P90706KTrona is not as obscure as it seems. I would have needed to zoom in a bit more for it to appear on ‘Google Maps’, but it is there, just to the northwest of what seems to be a big crater of some sort in the middle, right where the map is labeled ‘Searles Valley’. You might have seen Trona before, from more flattering, or at least more realistic perspectives, in movies such as ‘Star Trek V’, ‘Planet of the Apes’ (2001), ‘Land of the Lost’ and ‘Holes’.

Earlier this morning, I posted an old brief article from March 21, 2018, Na2CO3•NaHCO3•2H2O. It was about some of what I find to be appealing, or at least compelling about Trona. Please excuse the euphemisms, such as ‘flattering’ for ‘realistic’, and ‘appealing’ for ‘compelling’. I happen to be rather fond of Trona, even though I have never been there before. I…

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Six on Saturday: Glad

Gladiolus hybrids are not reliably perennial locally. They might not be reliably perennial anywhere. I had believed that they could be so where they get more winter chill, but chill does not seem to help. I have been told that they are no more perennial in Pennsylvania, Oregon or Oklahoma. When I grew them many years ago, only about a third survived to bloom for a second season. Of that third, only about a third survived to bloom for a third season. This is one of many reasons why I am so ‘glad’ about perennial Gladiolus papilio , as well as Watsonia species, from Tangley Cottage Gardening. Although, strangely, a few hybrid Gladiolus survive.

1. Watsonia X pillansii ‘Coral and Hardy’, just like the Gladiolus papilio, was a gift from Tangly Cottage Gardening of Ilwaco in Washington. I learned that it blooms in summer.

2. Lilium of an unidentified cultivar is finally finishing bloom. Obviously, it is irrelevant to Gladiolus. It just happened to be so pretty precisely as I was in need of a sixth picture.

3. Gladiolus is mostly finishing bloom now. These few are blooming a bit late. These are merely the common hybrid sort that someone purchased from a retail nursery years ago.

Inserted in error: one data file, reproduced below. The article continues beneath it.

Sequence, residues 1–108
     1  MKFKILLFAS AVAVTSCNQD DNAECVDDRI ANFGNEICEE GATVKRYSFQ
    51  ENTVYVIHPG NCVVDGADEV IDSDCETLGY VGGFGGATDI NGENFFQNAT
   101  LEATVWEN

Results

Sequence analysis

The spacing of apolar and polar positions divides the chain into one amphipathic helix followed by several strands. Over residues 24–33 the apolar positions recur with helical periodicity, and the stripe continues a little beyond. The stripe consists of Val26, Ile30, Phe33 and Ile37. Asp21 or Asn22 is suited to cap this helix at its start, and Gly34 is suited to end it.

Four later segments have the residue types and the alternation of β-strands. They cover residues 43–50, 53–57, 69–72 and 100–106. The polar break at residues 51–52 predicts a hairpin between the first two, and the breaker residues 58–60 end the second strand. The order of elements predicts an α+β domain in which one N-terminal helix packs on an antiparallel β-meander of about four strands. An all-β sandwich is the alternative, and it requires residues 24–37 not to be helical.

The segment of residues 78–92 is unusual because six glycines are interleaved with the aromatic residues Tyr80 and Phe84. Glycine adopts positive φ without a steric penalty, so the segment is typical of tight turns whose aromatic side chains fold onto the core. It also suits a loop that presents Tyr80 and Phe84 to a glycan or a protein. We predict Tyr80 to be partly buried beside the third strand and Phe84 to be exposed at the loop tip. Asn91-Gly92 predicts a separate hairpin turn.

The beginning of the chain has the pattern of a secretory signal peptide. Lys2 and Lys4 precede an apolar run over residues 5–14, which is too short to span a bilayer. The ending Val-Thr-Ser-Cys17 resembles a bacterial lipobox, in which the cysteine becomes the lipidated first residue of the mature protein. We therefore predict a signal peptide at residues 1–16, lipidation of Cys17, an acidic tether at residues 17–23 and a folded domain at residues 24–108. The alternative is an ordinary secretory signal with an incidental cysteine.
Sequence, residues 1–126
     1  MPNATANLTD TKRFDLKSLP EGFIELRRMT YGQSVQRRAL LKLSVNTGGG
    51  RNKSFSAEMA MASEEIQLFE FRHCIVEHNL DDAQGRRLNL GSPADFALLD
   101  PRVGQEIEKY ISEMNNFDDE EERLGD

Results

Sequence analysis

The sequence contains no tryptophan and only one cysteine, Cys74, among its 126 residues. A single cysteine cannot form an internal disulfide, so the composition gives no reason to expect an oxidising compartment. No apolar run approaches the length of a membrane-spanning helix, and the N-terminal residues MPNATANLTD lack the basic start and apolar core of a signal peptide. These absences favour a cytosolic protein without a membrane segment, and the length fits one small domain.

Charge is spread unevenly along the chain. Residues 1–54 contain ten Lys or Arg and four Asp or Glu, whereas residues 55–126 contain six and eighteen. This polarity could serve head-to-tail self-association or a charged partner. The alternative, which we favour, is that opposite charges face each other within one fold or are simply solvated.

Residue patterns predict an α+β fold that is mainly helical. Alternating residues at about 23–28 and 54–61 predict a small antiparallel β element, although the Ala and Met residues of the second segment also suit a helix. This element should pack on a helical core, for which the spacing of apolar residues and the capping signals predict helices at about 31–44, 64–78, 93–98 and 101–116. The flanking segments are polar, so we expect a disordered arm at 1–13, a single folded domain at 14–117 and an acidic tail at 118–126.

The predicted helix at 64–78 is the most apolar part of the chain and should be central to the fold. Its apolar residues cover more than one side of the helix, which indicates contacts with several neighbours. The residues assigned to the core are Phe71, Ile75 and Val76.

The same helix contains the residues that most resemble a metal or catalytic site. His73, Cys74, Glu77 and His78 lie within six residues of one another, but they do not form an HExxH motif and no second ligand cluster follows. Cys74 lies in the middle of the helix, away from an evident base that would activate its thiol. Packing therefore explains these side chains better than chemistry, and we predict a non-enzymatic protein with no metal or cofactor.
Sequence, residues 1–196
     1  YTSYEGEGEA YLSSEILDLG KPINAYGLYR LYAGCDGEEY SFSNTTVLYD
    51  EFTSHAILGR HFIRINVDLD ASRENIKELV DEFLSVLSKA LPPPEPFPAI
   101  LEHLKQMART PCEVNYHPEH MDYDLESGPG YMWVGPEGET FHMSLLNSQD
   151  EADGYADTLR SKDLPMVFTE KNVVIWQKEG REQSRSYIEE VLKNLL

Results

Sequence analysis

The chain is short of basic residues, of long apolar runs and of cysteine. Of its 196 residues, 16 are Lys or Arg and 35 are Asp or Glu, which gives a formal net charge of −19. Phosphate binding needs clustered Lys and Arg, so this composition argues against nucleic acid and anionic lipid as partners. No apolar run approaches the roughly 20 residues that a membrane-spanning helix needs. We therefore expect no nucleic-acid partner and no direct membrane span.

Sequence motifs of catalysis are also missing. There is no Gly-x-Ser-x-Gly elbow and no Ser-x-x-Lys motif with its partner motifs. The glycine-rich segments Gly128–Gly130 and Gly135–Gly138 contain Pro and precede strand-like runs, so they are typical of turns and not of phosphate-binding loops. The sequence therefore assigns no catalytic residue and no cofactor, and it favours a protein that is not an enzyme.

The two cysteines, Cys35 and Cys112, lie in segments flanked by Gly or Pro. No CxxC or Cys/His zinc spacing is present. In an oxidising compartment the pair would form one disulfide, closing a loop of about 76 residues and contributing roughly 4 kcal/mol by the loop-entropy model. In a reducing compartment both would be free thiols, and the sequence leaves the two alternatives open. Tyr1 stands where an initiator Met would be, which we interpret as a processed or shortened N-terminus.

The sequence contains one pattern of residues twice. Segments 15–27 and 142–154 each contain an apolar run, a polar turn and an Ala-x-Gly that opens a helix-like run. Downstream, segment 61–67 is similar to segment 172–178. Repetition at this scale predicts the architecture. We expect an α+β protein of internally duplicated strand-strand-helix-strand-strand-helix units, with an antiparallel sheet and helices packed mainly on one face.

4. Not only have a few of the Gladiolus hybrids been surprisingly reliably perennial for a few years, but this pastel yellow cultivar has actually multiplied, from one bulb to a few.

5. This Gladiolus hybrid blooms annually also, but unlike the pastel yellow cultivar, does not multiply. This and one other just like it are the only two, with neither more nor less.

6. This purple Gladiolus hybrid does the same. It would be nice if it could generate a few copies. Since it is the only specimen here, and might be fragile, I will not tamper with it.

This is the link for Six on Saturday, for anyone else who would like to participate: https://thepropagatorblog.wordpress.com/2017/09/18/six-on-saturday-a-participant-guide/

Beech

Due to an inability to locate some of my old articles from nine years ago, I will recycle articles such as this, which already posted to this blog four years ago, through June and at least part of July.

Tony Tomeo

70628Compared to crape myrtle, sycamore (London plane) and many other more popular trees, the beech, Fagus sylvatica, is much less problematic, and really deserves more respect. Although it can eventually get almost as big as sycamore, it has remarkably complaisant roots. It is neatly deciduous, defoliating only in autumn, without noticeable floral mess. Disease and pests are rare.

Beech is probably unpopular with landscapers because new trees are a bit more demanding than other tree specie are. (Landscapers prefer easier trees.) Until they disperse their roots, they are more likely to desiccate if they do not get watered regularly enough, and more likely to rot if watered too much. They grow somewhat slowly, so need to be pruned more carefully for a high canopy.

Those of us who tend our own gardens do not mind the extra effort for such a distinctive tree. The handsome foliage can be rich…

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Good Roots Are Seldom Seen

Due to an inability to locate some of my old articles from nine years ago, I will recycle articles such as this, which already posted to this blog four years ago, through June and at least part of July.

Tony Tomeo

70628thumbWhen a tree falls in the forest, and there is no one around to hear it, does it make a sound? Of course it does! There is just no one to hear it. Why should that be such a profound question? A falling tree makes a mess too. Anyone who does not see or hear it in action can witness it afterward. Sometimes, roots that were inadequate to support the fallen tree become exposed as well.